4. Pinto J, Abellán J, Sánchez F. La incorporación de las preferencias de los pacientes en las decisiones clínicas. Barcelona: Masson 2004.

5. Tversky A, Kahneman D. The framing of decisions and the psychology of choice. Science 1981;211:453–8.

6. Gigerenzer G. Why does framing influence judgment? Journal of general internal medicine 2003;18:960–1.

7. Tsalatsanis A, Hozo I, Vickers A, et al. A regret theory approach to decision curve analysis: a novel method for eliciting decision makers’ preferences and decision-making. BMC medical informatics and decision making 2010;10:51.

8. Henriksen K, Kaplan H. Hindsight bias, outcome knowledge and adaptive learning. Quality & safety in health care 2003;12 Suppl 2:ii46–50.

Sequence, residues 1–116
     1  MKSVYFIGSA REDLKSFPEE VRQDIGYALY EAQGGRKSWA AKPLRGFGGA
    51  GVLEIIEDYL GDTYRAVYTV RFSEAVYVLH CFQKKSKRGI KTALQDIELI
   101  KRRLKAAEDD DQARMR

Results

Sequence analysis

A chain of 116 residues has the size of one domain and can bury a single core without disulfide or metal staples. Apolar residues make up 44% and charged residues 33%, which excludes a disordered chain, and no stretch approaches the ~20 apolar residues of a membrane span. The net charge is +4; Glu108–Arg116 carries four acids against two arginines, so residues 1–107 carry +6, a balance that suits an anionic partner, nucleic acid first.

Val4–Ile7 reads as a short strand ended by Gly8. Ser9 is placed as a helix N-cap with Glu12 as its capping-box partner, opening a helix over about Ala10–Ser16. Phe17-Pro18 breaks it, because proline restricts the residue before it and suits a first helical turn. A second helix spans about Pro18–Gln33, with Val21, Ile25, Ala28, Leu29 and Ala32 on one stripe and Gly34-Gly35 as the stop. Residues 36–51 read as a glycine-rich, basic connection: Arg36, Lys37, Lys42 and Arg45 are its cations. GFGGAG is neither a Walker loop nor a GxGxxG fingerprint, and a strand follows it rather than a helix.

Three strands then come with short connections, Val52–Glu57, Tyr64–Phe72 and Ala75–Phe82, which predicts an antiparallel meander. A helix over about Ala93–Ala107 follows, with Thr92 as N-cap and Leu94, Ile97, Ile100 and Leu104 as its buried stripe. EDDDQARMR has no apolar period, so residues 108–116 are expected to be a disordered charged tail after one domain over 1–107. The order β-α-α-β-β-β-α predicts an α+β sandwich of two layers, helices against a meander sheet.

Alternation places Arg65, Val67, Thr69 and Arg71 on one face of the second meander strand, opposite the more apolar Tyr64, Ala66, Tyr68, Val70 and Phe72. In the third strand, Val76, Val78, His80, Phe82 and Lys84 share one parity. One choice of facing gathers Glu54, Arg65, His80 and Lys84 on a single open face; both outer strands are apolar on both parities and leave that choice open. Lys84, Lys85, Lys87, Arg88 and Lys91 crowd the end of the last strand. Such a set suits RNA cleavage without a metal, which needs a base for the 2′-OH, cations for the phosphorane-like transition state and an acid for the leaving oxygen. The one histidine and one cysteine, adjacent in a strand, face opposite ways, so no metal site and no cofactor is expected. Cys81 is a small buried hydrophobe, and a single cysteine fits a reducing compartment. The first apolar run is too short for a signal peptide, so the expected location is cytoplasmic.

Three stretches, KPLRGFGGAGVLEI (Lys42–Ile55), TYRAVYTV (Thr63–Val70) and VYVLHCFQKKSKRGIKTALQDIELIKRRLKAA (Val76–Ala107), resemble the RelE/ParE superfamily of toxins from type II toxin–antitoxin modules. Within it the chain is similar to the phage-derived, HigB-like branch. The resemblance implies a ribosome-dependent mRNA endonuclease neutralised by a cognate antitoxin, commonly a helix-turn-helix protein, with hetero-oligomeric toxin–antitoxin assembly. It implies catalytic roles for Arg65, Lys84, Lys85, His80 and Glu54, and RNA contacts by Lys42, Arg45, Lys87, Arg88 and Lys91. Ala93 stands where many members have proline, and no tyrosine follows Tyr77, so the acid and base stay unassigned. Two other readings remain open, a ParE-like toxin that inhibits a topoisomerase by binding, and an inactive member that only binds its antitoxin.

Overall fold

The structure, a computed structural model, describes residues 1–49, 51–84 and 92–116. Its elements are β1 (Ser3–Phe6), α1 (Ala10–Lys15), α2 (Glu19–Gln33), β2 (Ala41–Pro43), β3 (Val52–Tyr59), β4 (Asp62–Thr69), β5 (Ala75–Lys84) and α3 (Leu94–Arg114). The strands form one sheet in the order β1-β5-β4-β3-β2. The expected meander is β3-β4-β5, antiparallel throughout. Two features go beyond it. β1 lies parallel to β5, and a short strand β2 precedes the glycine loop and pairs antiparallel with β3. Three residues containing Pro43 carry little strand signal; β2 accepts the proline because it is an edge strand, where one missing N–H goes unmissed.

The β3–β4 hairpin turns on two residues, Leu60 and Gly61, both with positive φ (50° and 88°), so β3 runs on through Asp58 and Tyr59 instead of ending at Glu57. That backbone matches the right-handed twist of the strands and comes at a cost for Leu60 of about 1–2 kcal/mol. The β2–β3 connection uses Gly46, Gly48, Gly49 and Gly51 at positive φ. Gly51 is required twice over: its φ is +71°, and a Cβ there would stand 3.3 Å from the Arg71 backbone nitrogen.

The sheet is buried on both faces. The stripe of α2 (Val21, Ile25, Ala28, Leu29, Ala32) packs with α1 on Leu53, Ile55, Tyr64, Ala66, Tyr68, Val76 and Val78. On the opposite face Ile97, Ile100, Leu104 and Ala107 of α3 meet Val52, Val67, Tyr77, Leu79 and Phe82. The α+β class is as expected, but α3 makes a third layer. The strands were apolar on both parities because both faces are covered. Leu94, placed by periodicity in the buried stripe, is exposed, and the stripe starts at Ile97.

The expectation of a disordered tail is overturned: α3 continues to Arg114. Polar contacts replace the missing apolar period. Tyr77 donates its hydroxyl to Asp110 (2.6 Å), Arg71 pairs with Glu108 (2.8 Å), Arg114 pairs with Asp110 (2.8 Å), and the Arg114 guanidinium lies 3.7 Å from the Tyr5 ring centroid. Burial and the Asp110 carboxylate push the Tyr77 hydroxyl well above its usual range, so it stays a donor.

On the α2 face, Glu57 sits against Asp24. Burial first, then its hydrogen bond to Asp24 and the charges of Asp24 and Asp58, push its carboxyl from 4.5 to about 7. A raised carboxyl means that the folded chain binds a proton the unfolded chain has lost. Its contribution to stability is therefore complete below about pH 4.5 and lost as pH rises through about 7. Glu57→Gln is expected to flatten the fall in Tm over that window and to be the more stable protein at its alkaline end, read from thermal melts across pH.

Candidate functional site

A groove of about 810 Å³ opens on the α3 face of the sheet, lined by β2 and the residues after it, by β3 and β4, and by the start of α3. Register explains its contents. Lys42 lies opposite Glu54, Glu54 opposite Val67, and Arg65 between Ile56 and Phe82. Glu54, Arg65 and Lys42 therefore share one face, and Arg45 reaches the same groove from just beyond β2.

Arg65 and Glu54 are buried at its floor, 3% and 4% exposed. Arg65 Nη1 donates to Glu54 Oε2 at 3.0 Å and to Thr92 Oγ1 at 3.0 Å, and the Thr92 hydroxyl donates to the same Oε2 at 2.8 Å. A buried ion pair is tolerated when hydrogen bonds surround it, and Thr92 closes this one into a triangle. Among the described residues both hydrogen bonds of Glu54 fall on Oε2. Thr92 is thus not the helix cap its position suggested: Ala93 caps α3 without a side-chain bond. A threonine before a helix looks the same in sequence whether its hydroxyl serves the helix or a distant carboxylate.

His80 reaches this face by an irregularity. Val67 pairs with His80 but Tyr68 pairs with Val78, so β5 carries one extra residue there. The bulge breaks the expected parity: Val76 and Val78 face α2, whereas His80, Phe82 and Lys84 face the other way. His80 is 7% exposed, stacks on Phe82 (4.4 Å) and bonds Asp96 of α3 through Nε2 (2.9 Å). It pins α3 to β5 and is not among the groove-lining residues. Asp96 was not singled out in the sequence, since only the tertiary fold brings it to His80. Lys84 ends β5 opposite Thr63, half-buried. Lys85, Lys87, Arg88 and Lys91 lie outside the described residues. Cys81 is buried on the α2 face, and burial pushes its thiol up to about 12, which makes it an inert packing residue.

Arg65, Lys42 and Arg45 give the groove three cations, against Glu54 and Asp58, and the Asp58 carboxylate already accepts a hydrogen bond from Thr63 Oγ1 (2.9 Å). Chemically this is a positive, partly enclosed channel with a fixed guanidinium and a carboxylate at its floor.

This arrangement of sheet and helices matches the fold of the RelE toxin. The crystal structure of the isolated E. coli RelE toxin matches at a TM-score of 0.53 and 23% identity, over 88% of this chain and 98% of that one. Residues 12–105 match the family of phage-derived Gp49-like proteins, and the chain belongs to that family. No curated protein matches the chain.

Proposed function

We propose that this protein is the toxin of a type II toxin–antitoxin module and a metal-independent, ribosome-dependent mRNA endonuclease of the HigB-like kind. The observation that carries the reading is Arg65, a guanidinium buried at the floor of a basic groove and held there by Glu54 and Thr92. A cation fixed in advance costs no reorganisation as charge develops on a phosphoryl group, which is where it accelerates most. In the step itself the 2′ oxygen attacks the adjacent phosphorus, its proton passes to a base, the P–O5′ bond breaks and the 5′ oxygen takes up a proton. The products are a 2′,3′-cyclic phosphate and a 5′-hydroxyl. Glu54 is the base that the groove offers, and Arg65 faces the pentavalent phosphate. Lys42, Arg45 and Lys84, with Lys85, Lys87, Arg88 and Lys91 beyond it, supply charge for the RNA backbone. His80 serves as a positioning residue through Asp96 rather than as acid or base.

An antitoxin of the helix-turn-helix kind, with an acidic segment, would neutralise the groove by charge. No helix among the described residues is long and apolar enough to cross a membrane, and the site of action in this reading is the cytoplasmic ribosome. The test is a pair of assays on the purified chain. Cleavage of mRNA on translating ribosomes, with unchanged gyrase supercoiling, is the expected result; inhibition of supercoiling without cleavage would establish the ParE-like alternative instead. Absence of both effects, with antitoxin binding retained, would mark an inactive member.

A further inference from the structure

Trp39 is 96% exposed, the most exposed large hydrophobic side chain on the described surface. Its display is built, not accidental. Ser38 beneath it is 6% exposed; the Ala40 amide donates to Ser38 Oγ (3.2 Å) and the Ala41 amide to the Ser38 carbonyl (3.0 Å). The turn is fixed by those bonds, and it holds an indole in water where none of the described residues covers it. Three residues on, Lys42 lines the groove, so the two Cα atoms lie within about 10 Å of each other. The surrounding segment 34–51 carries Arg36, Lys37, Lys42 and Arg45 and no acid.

9. Elwyn G, Miron-Shatz T. Deliberation before determination: the definition and evaluation of good decision making. Health expectations 2010;13:139–47.

Competing interests: None declared

Aquiles R. Henriquez, PhD student in Medical Sciences

University of Antwerpen, Universiteitsplein 1, Wilrijk 2610, Belgium

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Although I applaud the desire to give more weight to patients' preferences for treatment options, I cannot accept the use of the term 'misdiagnosis' to refer to a post hoc change of mind by the patient. If we could all get it right first time life would be very different to what it is now.

Competing interests: None declared

Jeremy R Luke, GP

Coachmans Medical Practice, Crawley